The Chess Box
Like Aretha Franklin (arguably her only peer with as much natural ability in the R&B vocal field), Etta James is such a phenomenally gifted interpreter, she can sing practically anything and inject it with soul, passion, and an intensity that would not have been evident in the hands of lesser talents. In fact, if there’s any point that’s proven by this lavish, three CD set it’s that Jamesetta Hawkins always rose above her material, some of which was at best ordinary. Over the course of the 72 remastered tracks on this sumptuous collection, James works her magic with doo-wop, country, orchestrated pop, jazz, standards, and of course, her fiery brand of blues mixed with R&B.
Kicking off with her first track for the Chess label, 1960’s “All I Could Do Was Cry,” James had already found her vocal style, and even the smarmy arrangement complete with angelic background singers and faceless accompaniment, can’t contain James as she lets loose on the chorus and nearly blows out the microphone. Like the female equivalent of Ray Charles, James owns every genre she works in, as evidenced by her version of Gene Autry’s country weeper “Be Honest with Me,” one of the box’s ten previously unreleased tracks. Even her swampy version of the Doors’ “Light My Fire,” another newly found song, takes the rock classic and radically reinterprets it as a torchy R&B/jazz burner.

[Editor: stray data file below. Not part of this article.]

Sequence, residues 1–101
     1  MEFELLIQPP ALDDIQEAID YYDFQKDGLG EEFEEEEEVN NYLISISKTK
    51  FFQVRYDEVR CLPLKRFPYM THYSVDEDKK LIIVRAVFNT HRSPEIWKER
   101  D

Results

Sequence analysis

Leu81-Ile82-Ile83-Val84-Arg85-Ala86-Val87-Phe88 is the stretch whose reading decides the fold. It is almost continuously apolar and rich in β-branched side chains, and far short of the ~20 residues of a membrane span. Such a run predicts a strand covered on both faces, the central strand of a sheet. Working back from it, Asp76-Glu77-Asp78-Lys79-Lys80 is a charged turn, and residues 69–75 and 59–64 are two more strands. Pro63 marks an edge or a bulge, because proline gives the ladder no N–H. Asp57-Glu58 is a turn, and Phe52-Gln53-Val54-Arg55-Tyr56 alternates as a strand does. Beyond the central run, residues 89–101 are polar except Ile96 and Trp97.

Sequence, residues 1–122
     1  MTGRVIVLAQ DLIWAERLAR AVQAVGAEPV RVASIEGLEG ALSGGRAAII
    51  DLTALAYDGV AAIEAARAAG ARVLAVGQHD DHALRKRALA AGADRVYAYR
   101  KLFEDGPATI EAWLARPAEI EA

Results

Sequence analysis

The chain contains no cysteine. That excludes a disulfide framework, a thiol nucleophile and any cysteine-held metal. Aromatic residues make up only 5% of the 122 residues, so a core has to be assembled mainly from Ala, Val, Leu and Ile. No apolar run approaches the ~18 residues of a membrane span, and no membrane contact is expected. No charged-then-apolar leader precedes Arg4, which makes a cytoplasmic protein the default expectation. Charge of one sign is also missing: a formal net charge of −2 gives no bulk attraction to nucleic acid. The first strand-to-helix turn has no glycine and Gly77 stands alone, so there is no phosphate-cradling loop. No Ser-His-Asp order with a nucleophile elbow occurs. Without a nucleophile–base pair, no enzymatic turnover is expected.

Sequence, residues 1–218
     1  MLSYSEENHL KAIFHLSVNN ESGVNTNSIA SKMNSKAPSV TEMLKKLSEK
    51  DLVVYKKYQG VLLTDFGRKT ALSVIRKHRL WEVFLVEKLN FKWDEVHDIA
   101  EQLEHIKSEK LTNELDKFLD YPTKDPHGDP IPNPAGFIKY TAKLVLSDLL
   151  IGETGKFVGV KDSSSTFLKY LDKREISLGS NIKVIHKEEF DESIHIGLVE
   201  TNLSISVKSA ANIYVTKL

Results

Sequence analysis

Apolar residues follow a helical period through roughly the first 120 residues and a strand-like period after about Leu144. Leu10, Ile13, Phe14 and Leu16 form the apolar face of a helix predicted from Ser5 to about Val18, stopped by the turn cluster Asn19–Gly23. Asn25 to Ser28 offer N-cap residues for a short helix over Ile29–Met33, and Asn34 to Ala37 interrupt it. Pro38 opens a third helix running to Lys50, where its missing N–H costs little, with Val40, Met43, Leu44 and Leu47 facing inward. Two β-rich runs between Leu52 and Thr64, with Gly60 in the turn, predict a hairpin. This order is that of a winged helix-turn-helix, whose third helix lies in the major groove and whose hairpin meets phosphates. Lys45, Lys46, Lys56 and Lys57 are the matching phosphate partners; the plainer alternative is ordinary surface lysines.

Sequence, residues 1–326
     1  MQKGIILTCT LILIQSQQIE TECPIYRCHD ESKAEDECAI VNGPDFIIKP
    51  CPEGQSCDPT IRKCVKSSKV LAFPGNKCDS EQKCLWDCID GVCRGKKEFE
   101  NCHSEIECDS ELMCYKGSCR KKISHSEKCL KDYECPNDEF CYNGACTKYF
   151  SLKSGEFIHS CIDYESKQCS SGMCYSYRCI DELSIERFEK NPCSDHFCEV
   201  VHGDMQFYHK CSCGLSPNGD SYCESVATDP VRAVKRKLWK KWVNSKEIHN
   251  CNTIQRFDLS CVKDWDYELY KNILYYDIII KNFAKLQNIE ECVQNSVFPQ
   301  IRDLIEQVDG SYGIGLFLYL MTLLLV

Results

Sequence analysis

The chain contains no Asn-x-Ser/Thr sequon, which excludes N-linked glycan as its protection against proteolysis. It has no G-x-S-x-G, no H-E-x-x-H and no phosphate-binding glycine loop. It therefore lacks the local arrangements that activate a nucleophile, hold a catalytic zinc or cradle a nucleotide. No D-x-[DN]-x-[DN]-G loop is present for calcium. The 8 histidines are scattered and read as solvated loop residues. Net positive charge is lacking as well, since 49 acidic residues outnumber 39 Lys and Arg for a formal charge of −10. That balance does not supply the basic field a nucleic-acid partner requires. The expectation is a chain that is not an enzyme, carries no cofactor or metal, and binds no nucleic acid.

Obviously all the early Chess hits that inspired Janis Joplin and countless others, like “Tell Mama,” “Security,” and “Something’s Got a Hold of Me,” are accounted for, but it’s when the set digs deeper into James’ catalog and unearths treasures like her version of Oliver Sain’s “The Soul of a Man” that the real gems come to light.
The remastered sound is simply stunning, the 40-page book filled with rare pictures and snappy song-by-song documentation is lovingly compiled, and the track selection is the best ever from this 15-year period in James’ career. I could go on, but why bother? There are plenty of other Etta James compilations on the market, but this is the place to start. Maybe someday the singer will get the career spanning, multi-label set she deserves (anyone listening at Rhino?). Until then, when anyone asks who is the best female R&B singer ever, pull out this box because it’s all the proof you need.
MCA Records, 70 Universal City Plaza, Universal City, CA 91608; http://www.umusic.com/